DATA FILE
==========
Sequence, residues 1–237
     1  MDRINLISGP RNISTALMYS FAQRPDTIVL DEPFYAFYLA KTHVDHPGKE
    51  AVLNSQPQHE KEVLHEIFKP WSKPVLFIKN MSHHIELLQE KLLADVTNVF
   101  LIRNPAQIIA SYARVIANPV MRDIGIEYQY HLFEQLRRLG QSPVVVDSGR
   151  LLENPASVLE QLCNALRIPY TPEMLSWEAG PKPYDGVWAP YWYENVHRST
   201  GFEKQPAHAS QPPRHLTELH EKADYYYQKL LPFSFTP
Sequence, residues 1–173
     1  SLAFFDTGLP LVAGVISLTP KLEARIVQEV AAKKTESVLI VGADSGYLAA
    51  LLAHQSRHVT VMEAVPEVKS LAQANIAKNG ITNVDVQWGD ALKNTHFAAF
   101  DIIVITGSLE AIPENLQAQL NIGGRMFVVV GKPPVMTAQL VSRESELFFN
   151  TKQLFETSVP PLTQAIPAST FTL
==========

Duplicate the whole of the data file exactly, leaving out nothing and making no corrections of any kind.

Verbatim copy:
Sequence, residues 1–237
     1  MDRINLISGP RNISTALMYS FAQRPDTIVL DEPFYAFYLA KTHVDHPGKE
    51  AVLNSQPQHE KEVLHEIFKP WSKPVLFIKN MSHHIELLQE KLLADVTNVF
   101  LIRNPAQIIA SYARVIANPV MRDIGIEYQY HLFEQLRRLG QSPVVVDSGR
   151  LLENPASVLE QLCNALRIPY TPEMLSWEAG PKPYDGVWAP YWYENVHRST
   201  GFEKQPAHAS QPPRHLTELH EKADYYYQKL LPFSFTP
Sequence, residues 1–173
     1  SLAFFDTGLP LVAGVISLTP KLEARIVQEV AAKKTESVLI VGADSGYLAA
    51  LLAHQSRHVT VMEAVPEVKS LAQANIAKNG ITNVDVQWGD ALKNTHFAAF
   101  DIIVITGSLE AIPENLQAQL NIGGRMFVVV GKPPVMTAQL VSRESELFFN
   151  TKQLFETSVP PLTQAIPAST FTL